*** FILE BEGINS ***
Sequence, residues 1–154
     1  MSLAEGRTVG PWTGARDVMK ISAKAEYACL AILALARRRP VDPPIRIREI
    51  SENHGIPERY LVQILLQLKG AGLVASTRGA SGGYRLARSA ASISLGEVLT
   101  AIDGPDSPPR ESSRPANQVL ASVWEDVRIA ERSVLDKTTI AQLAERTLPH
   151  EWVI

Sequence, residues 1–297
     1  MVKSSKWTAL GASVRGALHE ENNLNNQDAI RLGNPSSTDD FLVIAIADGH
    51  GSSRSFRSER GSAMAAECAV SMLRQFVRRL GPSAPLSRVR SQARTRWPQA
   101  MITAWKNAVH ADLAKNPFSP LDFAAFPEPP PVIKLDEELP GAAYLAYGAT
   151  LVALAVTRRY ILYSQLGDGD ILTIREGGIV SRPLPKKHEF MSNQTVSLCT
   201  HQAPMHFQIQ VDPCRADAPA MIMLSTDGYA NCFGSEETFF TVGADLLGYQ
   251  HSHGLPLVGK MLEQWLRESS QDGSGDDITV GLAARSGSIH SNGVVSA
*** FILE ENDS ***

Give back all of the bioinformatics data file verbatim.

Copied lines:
Sequence, residues 1–154
     1  MSLAEGRTVG PWTGARDVMK ISAKAEYACL AILALARRRP VDPPIRIREI
    51  SENHGIPERY LVQILLQLKG AGLVASTRGA SGGYRLARSA ASISLGEVLT
   101  AIDGPDSPPR ESSRPANQVL ASVWEDVRIA ERSVLDKTTI AQLAERTLPH
   151  EWVI

Sequence, residues 1–297
     1  MVKSSKWTAL GASVRGALHE ENNLNNQDAI RLGNPSSTDD FLVIAIADGH
    51  GSSRSFRSER GSAMAAECAV SMLRQFVRRL GPSAPLSRVR SQARTRWPQA
   101  MITAWKNAVH ADLAKNPFSP LDFAAFPEPP PVIKLDEELP GAAYLAYGAT
   151  LVALAVTRRY ILYSQLGDGD ILTIREGGIV SRPLPKKHEF MSNQTVSLCT
   201  HQAPMHFQIQ VDPCRADAPA MIMLSTDGYA NCFGSEETFF TVGADLLGYQ
   251  HSHGLPLVGK MLEQWLRESS QDGSGDDITV GLAARSGSIH SNGVVSA